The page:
Journal Information
Vol. 106. Issue 9.
Pages 764-766 (November 2015)
Vol. 106. Issue 9.
Pages 764-766 (November 2015)
Case and Research Letters
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Census of Centers That Perform Mohs’ Micrographic Surgery in Spain and Description of Their Activity: A Feasibility Study for the Mohs’ Micrographic Surgery Registry of the Foundation of the Spanish Academy of Dermatology and Venereology
Censo de los centros que realizan cirugía de Mohs en España y descripción de su actividad: estudio de factibilidad para el registro de cirugía de Mohs de la FAEDV
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T. Alonso-Alonsoa,
Corresponding author
taabarroso@gmail.com

Corresponding author.
, P. Redondo-Bellonb, O. Sanmartín-Jiménezc, E. de Eusebio-Murillod, I. García-Dovale, M.Á. Rodríguez-Prietoa
a Dermatología, Hospital Universitario de León, León, Spain
b Dermatología, Clínica Universitaria de Navarra, Pamplona, Navarra, Spain
c Dermatología, Instituto Valenciano de Oncología, Valencia, Spain
d Dermatología, Hospital Universitario de Guadalajara, Guadalajara, Spain
e Dermatología, Fundación Academia Española de Dermatología y Venereología, Madrid, Spain
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Tables (1)
Table 1. Centers That Performed Mohs Micrographic Surgery in January 2013 and Were Thus Included in the Survey.
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To the Editor:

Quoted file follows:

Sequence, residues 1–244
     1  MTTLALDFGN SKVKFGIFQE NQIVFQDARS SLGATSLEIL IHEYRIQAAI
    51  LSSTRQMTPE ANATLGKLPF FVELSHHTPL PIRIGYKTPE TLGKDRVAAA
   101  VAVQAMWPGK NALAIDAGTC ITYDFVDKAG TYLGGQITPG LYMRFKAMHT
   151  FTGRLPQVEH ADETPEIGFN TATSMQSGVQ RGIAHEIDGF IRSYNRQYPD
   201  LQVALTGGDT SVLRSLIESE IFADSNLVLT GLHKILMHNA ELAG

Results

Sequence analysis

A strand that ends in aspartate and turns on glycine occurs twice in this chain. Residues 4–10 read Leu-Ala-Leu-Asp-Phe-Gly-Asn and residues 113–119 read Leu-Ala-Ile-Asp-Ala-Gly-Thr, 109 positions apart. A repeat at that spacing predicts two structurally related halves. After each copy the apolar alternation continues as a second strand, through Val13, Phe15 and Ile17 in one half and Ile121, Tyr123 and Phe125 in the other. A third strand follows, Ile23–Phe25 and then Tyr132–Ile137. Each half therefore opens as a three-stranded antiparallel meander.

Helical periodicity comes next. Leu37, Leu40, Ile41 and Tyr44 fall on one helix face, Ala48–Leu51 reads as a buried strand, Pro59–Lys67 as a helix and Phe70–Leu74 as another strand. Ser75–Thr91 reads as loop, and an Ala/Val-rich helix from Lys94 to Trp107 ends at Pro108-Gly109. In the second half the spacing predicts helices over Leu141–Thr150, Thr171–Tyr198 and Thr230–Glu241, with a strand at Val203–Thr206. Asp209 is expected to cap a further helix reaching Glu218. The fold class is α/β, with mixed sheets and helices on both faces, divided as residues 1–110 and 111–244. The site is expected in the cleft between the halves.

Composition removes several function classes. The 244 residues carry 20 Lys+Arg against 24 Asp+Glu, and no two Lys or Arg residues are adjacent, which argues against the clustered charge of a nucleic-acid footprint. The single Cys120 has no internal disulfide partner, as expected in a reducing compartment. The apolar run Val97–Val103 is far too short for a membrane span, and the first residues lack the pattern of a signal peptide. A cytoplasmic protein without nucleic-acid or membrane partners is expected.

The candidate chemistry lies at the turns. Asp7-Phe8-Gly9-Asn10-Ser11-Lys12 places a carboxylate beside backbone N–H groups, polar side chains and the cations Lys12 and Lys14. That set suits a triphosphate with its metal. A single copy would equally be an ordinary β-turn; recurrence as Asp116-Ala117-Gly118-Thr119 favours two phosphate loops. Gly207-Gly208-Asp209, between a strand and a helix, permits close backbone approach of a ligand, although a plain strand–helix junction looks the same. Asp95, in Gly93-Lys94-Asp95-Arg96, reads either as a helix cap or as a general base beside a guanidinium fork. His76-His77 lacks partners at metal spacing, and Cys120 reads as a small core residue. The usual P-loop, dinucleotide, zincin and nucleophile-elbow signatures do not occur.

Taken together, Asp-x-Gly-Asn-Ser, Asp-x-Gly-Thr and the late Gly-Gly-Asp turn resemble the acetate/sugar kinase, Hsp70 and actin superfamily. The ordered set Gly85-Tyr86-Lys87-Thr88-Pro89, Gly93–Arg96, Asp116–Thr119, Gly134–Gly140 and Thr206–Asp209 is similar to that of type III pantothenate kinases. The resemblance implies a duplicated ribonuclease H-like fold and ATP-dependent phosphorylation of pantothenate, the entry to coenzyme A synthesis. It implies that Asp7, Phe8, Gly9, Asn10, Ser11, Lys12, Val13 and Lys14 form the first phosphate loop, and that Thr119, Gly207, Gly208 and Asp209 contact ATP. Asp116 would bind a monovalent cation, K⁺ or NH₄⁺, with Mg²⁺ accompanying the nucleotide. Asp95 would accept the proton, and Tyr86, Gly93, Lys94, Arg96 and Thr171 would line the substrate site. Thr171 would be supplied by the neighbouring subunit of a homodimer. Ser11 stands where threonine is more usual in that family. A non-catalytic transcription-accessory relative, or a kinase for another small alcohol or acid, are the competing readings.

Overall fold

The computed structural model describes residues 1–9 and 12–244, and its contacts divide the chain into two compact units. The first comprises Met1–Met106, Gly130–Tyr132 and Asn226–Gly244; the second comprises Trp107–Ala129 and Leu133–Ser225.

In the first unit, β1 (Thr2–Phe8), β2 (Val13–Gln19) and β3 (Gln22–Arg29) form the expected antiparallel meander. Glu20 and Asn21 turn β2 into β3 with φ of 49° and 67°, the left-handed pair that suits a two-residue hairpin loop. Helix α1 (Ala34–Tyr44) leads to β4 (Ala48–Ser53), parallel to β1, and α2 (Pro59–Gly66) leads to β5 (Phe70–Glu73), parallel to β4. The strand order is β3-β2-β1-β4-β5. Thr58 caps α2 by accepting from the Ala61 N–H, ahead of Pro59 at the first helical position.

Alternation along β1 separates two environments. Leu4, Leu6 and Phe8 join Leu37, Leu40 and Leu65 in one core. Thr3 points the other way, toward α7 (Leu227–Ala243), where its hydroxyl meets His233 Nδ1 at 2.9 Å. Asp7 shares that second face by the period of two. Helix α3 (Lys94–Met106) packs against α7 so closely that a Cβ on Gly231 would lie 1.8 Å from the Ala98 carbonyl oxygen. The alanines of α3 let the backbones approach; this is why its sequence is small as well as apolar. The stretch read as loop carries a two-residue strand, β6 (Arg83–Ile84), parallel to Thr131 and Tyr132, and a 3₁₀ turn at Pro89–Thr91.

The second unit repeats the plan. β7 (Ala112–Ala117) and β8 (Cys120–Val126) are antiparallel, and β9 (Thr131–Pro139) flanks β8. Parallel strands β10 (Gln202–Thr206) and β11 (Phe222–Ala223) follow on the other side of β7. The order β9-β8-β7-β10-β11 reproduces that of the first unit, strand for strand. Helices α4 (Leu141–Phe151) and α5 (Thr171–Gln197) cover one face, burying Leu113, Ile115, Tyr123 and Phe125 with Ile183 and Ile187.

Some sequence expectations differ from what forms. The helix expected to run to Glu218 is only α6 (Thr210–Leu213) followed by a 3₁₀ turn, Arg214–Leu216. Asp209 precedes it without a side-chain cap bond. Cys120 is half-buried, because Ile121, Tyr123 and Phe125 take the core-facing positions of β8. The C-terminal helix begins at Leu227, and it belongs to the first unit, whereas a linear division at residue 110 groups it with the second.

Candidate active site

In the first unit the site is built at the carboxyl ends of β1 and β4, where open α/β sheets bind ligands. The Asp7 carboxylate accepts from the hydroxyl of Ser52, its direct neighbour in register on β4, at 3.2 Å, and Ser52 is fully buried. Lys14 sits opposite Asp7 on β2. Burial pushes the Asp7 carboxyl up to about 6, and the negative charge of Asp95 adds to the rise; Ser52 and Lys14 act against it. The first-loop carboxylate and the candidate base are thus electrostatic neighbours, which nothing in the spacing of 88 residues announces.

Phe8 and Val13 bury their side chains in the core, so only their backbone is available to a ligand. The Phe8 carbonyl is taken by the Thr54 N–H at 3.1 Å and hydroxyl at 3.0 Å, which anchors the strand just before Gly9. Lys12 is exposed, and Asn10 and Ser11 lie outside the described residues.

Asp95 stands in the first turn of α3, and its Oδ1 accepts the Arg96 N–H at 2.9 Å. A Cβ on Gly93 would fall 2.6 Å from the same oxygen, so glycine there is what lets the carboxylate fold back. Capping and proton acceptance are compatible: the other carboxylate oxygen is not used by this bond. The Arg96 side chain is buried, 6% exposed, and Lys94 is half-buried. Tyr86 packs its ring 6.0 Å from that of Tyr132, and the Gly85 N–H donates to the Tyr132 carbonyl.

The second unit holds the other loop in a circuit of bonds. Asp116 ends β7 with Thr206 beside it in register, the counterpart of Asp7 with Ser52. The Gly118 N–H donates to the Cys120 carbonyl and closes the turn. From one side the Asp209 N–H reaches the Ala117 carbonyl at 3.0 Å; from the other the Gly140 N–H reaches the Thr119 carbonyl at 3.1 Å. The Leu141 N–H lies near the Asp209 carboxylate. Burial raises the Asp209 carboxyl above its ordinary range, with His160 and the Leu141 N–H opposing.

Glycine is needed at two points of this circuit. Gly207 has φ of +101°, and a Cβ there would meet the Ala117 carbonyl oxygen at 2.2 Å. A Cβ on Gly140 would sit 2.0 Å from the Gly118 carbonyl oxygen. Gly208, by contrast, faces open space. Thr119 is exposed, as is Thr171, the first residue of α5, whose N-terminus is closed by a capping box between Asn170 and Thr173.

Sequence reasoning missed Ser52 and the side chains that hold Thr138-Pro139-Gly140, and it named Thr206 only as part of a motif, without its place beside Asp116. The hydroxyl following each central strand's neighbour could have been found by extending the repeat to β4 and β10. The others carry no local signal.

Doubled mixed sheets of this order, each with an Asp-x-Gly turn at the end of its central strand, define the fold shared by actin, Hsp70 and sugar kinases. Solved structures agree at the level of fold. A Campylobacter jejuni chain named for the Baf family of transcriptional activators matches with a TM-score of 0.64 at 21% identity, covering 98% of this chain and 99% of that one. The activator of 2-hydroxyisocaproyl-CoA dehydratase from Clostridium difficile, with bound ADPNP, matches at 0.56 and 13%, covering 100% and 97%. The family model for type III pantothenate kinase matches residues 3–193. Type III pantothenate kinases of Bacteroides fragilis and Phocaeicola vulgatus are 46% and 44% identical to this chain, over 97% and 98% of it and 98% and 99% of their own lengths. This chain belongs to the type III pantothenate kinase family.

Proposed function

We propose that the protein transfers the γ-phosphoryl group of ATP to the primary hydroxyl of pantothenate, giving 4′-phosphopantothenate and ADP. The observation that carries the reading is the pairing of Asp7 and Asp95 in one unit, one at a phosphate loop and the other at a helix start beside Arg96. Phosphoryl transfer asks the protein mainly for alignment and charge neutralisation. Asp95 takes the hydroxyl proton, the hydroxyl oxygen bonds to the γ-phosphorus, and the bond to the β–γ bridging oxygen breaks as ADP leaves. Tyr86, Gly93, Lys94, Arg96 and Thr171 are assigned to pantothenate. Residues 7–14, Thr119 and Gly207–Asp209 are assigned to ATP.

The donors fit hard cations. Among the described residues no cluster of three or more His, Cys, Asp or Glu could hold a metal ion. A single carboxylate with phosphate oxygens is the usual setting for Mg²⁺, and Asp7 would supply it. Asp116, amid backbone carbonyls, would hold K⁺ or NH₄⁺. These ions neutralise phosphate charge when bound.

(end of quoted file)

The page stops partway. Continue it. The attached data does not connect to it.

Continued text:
Since the forties, when Mohs micrographic surgery was first described,1 the technique has become widely employed in countries such as the United States and Australia.2–6 Implantation in Spain7–10 and other European countries came later and has been less uniform. There are several techniques that can be used to perform Mohs micrographic surgery, each requiring different resources and possibly affecting the final outcome. In 2013, the Foundation of the Spanish Academy of Dermatology and Venereology (FAEDV), in association with the Dermatologic Surgery, Laser, and Cutaneous Oncology working group of the AEDV, proposed the launch of a National Mohs Micrographic Surgery Register, the main objectives of which would be to describe the outcomes of Mohs micrographic surgery under conditions of daily practice, to determine the prognostic factors affecting the outcome of Mohs micrographic surgery for skin cancer, and to analyze the possible influence of technical factors on outcomes. Other objectives were to determine whether the indications for the technique were homogeneous in the different centers in terms of tumor and patient characteristics, and the reasons for not using the technique.